As training partners, they’ve been able to improve simply by running together, pushing one another to work harder and improve. With a feeling of responsibility for the quality of a teammate, and eventually an entire team’s workout, Hogan and O’Connor promoted the team aspect of what’s regularly considered an individual sport. Hogan and O’Connor did workouts separately during the 2005 outdoor season while O’Connor studied in Greece, but the duo reunited and led the men’s cross country team at the 2005 national championships.

“I’d never had a solid training partner in high school, and I can’t tell you what a difference it made coming here and having someone to help pull me through workouts and races,” Hogan said. “I know I couldn’t have had nearly the same degree of success without Teage to work alongside.”

Their routine was marred during the 2006 indoor track and field season when Hogan was sidelined with an injury. He eventually bounced back toward the end of outdoor competition, scoring eighth place in the 10k at the fiercely competitive Dr. Keeler Invite. With his versatile approach to training, O’Connor was able to maintain a high level of performance in practice and competition. He met the NCAA provisional standard in the 3,000-meter steeplechase, the event in which he placed 13th at the 2004 National Championships. Hogan’s absence, however, was palpable.

“Seeing him on the elliptical trainer when the rest of us were going out for a run,” O’Connor said, shaking his head at the memory, “it was kind of heartbreaking.”

For Hogan, being relegated to the cardio rotunda took more of a toll on his mental well being than on his athletic welfare.

“It was especially rough because running is my usual outlet and having to deal with the stress of a B.A. and preparing for next year without that was harder than it should have been,” Hogan said.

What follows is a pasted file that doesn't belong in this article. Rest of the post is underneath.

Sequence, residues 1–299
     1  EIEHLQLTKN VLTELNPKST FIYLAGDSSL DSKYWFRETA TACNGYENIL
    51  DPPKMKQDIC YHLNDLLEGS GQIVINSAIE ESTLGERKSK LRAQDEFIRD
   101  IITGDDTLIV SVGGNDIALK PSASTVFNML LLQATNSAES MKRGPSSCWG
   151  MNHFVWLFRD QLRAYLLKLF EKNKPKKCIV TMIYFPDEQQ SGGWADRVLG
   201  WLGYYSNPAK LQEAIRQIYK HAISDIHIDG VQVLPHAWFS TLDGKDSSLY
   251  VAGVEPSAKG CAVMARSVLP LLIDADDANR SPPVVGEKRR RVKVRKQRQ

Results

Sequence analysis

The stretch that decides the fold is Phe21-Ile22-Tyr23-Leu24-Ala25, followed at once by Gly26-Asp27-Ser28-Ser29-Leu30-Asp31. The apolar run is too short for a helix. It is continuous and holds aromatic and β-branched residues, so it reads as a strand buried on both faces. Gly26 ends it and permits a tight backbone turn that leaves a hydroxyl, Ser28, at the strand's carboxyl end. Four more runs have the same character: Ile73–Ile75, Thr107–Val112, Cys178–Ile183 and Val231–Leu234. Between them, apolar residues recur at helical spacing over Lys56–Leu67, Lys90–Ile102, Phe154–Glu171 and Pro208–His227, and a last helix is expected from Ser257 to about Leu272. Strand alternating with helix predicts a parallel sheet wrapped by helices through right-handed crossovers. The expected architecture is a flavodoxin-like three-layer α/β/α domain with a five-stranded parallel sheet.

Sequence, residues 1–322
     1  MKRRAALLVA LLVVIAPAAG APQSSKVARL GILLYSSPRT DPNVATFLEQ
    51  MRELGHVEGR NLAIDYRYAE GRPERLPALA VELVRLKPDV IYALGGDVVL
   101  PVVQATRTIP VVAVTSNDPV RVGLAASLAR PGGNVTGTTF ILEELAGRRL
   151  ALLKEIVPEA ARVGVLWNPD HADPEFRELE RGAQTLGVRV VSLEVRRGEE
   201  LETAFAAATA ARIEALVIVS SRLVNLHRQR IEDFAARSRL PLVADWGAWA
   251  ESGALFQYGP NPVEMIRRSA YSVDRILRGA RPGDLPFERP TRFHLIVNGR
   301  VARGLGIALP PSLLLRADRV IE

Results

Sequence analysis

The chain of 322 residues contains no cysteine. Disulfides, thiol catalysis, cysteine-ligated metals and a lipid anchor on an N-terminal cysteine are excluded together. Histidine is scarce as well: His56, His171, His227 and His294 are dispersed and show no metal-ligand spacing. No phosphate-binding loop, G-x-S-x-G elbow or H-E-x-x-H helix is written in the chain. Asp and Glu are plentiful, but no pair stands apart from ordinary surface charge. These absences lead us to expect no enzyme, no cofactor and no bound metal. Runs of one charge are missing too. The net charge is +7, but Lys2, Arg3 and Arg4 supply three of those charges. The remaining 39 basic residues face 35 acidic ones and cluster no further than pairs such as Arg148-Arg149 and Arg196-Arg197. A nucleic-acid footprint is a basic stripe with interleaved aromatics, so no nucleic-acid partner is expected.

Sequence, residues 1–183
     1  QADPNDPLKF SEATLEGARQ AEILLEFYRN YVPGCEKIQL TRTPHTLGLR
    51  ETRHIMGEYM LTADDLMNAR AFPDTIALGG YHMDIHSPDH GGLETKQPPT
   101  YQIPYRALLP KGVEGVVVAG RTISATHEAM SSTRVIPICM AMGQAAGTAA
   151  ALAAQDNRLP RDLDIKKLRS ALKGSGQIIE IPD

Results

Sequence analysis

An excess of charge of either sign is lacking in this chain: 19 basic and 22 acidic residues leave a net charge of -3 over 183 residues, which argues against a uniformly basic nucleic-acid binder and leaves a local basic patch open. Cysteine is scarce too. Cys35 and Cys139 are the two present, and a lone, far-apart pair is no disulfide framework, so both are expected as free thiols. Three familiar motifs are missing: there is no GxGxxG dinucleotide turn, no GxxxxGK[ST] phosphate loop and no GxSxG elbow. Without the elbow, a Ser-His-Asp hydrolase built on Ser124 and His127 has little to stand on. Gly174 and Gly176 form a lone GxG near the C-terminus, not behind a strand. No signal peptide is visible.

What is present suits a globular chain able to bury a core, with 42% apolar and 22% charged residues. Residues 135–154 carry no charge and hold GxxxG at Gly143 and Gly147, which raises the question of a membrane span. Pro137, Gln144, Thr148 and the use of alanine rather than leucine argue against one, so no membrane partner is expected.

But Hogan led by example yet again. Monotonous pool workouts eventually paid off when he was able to rejoin his running mates in Washington Park to train on terra firma and blow off some B.A.-induced steam.

Outside of athletics, the two environmental studies majors have devoted a considerable amount of time and energy to activism and education. O’Connor, who worked for the Neighborhood Schools Program, will head to Western Massachusetts to work as an instructor for a program giving disadvantaged children from New York City a chance to get closer to nature. Hogan, who taught in an after school environmental awareness program during his tenure at Chicago, will apply what he learned in classrooms of all kinds during a two-year stint as an educator in the Bay Area for the Teach for America Program.

Their co-captain and teammates have expressed gratitude several times over for the chance to train and compete with a team led by excellent athletes. Hogan and O’Connor are grateful for the four years they’ve spent becoming better runners and close friends. Although the men’s team will lose a major cohesive influence on June 12, Hogan is confident the positive mood he and his co-captain worked to create during the men’s team practices will stick around after they’re gone.

“I do think the team will be in good hands in years to come,” Hogan said. “I really thought we got a great group of first-years this cross-country season, so I’m hoping to scan the results pages over the next few years and see that we’re still ahead of North Central.”